suppress the imbibition of water from the well into the formation during the shut-in, the water is

completely removed at the beginning of the shut-in. Subsequently, the well is set in production

with the corresponding bottom hole flowing pressure.

The analytical solutions neglect the water imbibition during the drilling process. Hence, they

represent a undamaged scenario and give approximations of the gas inflow and production rates

under single-phase conditions. In fig.5.2, the numerical model is compared with analytical solutions. It shows close agreement to the developed superposed constant pressure solution, where

depth steps (according to the penetration rate) are taken into account. Deviations (<10 %)

arise when comparing with Larsens quasi-stationary analytical solution (/167/). Additionally,

fig.5.2 contains the results of a UBD process, where imbibition is regarded. Then, gas rates

during drilling and subsequent production are lower, but still higher when compared to an

overbalanced drilled well.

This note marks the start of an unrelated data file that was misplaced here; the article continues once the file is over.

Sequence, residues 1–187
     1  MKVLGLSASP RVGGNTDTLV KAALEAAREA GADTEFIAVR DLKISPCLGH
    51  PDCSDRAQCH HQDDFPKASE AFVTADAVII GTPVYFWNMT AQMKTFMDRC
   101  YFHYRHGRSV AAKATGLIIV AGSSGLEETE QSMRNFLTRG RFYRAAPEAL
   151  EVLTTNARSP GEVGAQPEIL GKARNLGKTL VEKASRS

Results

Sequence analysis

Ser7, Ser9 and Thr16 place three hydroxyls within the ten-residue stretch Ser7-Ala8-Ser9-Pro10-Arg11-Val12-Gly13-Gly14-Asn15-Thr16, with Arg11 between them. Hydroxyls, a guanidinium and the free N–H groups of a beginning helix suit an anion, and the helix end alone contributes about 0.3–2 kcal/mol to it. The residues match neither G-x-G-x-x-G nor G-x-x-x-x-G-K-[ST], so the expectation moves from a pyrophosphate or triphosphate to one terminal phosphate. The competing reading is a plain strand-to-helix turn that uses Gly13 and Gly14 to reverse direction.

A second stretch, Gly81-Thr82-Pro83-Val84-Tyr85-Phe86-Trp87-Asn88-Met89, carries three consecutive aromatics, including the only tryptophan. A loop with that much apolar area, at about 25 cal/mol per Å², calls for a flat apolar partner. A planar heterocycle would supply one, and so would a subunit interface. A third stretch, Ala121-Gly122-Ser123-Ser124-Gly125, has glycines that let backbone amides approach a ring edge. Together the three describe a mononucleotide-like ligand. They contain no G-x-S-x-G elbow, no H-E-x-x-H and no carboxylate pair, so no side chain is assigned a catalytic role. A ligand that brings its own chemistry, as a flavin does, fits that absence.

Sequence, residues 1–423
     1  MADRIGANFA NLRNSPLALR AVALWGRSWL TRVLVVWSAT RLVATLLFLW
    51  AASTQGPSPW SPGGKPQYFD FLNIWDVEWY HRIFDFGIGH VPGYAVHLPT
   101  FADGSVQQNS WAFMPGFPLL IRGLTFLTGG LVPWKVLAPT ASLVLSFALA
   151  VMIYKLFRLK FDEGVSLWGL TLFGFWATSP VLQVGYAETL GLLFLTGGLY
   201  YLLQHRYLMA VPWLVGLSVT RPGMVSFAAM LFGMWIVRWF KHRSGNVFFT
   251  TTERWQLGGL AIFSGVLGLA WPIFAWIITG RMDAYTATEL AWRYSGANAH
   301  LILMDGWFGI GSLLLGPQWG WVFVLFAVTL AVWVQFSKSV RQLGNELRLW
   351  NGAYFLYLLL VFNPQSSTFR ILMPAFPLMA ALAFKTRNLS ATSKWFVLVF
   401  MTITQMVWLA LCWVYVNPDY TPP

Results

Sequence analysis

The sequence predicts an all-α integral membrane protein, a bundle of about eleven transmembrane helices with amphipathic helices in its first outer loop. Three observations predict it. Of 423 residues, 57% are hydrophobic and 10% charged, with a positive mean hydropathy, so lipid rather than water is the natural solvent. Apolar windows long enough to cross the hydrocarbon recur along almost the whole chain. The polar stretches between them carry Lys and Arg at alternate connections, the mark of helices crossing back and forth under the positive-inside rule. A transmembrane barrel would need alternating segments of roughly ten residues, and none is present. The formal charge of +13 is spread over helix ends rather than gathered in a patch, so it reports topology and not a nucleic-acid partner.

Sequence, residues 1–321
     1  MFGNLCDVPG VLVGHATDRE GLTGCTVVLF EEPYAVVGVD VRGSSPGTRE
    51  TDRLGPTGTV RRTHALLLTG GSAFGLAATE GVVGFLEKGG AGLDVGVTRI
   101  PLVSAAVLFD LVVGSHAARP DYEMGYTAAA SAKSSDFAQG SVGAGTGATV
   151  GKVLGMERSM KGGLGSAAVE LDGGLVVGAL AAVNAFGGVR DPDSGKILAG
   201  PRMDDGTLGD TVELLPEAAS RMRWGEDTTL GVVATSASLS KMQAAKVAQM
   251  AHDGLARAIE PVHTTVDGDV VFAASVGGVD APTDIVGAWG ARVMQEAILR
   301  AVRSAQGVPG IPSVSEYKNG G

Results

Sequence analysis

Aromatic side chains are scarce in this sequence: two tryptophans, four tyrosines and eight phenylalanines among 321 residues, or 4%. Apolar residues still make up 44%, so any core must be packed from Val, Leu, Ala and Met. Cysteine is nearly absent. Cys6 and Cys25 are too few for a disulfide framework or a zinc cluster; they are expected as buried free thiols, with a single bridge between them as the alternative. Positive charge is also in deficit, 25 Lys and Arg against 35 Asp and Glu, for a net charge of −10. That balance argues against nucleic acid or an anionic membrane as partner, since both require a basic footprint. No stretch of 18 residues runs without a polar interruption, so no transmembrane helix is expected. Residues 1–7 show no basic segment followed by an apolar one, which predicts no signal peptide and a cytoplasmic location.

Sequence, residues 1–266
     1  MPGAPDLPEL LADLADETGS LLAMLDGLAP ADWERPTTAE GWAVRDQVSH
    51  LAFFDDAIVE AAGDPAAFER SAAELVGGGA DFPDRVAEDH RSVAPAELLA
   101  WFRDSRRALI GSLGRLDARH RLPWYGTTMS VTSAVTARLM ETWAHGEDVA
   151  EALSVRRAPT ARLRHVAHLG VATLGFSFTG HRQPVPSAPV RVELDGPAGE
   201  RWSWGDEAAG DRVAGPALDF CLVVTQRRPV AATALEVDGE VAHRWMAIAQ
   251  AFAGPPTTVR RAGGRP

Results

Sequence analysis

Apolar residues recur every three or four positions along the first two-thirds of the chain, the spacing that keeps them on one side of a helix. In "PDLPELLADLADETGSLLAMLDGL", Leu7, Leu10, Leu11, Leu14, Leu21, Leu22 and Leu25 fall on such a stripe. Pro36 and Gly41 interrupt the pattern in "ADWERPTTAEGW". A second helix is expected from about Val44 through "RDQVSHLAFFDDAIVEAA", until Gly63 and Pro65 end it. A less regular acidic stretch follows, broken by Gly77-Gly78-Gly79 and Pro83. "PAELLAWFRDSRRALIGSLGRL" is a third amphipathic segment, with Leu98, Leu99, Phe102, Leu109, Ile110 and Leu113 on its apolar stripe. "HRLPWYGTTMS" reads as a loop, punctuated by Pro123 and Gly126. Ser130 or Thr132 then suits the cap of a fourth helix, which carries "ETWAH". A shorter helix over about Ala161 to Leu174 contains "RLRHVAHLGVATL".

Figure 5.2: Drilling process with subsequent production: comparison of numerical results with

analytical solutions

72

Productivity of the Well

To evaluate the impact of UBD on the well productivity after the drilling, a sensitivity analysis

is conducted. Although most of the effects are obvious a priori, quantification requires the

application of the simulation tool, capturing the physics behind UBD. The parameters of the

analysis are summarised in table 5.1. The basic set of parameters is marked bold therein.

Table 5.1: Range of reservoir parameters for sensitivity study

Permeability (mD)

Porosity

Reservoir thickness (m)

Penetration rate (m/h)

Initial field pressure (bars)

UBD pressure (bars)

Production time (years)

Production pressure (bars)

0.01-100 (0.1)

0.1,0.2 (0.1)

20-400 (100)

0.1-2.5 (0.5)

300,600 (600)

270-580 (550)

2

100,300

good conditions (100 mD) to ultra tight conditions (0.01 mD). Other parameters are set to

default values according to table 5.1.

The water saturation conditions at the end of the drilling process are marked with the solid